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New Bordeaux negociant moves into New York

Bordeaux negociant Diva has became the latest player to expand in the US, following Joanne and Compagnie Medocaine.

The company has had offices in California since 2008, but has now decided to expand onto the east coast.

Director Jean-Pierre Rousseau told decanter.com they already have a number of international offices but there is a key difference in that US branches sell wines directly.

Other international offices, such as Hong Kong, simply represent the company and liaise with importers.

‘In New York, we will effectively be the first tier of the three-tier system, and are considering opening a separate distribution company for the second tier.’

The three-tier system is the statutory alcohol distribution system under which the producer must sell to the distributor, who must then sell to the retailer. Only retailers may sell to consumers.

Chris Adams, managing director of Sherry Lehmann in New York, said, ‘I’m excited that a handful of negociants are working on setting up shop here in America.’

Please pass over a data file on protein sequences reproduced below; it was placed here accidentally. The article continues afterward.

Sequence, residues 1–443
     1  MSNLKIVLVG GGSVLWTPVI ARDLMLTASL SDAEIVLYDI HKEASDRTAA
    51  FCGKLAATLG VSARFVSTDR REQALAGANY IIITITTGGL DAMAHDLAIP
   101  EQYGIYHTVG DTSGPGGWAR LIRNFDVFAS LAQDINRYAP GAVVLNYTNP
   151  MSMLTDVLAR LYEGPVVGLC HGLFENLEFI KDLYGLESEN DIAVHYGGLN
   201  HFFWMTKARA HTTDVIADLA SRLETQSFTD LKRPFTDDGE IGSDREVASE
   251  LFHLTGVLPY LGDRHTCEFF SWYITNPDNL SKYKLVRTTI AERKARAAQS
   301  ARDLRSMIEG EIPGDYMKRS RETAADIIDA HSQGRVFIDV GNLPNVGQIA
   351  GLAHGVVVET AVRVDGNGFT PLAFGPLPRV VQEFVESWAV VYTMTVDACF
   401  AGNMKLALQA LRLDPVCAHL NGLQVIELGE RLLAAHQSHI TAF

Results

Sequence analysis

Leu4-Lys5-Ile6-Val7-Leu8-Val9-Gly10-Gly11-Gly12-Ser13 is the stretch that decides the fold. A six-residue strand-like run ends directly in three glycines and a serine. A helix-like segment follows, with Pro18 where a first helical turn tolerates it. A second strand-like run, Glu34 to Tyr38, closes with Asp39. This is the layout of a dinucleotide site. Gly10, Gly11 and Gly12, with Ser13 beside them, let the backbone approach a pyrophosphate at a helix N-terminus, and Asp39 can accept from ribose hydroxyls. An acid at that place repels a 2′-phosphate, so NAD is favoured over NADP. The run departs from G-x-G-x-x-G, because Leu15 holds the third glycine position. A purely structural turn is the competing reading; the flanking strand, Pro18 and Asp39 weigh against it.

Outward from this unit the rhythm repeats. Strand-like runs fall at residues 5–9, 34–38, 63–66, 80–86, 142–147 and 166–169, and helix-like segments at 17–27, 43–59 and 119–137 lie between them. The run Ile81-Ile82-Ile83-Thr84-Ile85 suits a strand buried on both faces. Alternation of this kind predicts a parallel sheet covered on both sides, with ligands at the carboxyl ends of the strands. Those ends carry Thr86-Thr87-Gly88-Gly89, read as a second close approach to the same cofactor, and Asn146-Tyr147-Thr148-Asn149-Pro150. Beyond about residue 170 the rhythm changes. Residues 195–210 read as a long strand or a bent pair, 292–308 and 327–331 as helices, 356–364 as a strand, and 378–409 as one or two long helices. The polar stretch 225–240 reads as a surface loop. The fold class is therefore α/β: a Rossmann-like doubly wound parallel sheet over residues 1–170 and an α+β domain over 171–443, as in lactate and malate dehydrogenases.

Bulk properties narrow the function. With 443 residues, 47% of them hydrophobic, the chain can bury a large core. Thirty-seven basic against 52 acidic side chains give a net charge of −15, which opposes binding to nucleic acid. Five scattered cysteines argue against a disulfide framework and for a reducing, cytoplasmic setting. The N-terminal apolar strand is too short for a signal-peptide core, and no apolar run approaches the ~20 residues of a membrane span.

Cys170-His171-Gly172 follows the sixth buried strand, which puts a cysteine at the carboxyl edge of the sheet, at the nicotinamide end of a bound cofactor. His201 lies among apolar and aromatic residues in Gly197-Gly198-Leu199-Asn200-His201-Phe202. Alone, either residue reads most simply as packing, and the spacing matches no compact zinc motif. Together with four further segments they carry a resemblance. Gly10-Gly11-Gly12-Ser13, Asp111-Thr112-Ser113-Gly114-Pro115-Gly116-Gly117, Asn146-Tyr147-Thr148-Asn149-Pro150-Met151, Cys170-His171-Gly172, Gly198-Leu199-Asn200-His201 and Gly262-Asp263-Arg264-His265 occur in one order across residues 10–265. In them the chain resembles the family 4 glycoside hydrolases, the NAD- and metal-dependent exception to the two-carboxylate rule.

Adams referred also to the gap left by Chateau & Estates, owned by Diageo and the main importer and distributor of Bordeaux in the US, which withdrew from the Bordeaux market in December 2009, dumping large amounts of stock onto the market.

‘The vast majority of US retailers don’t have direct links to Bordeaux, and for them – notably for restaurants – Chateau & Estates was a lifeline. It’s an opportunity, too, for Bordeaux to have a better feel for how the wines are distributed.’

Rousseau stressed that Diva has not bought back wines from C&E. Diva’s New York branch, headed by David Stephan, will concentrate on importing and selling wines from Bordeaux itself.

Both Joanne and Compagnie Medocaine have bought back wines and will keep them within the US, selling through their new outlets.

There are concerns, however, that buying back wines from the US – particularly in the case of properties such as Petrus and Gruaud Larose, which have both repatriated ex-C&E stocks – could threaten Bordeaux’s one big advantage: the guarantee of traceability and provenance.

Stephane Rouveyrol, a director of Bordeaux Provenance, a new negotiant that guarantees traceability, said, ‘As the value of these wines gets higher, it’s essential to know exactly where they have been, and how they have been stored.’

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Written by Jane Anson in Bordeaux

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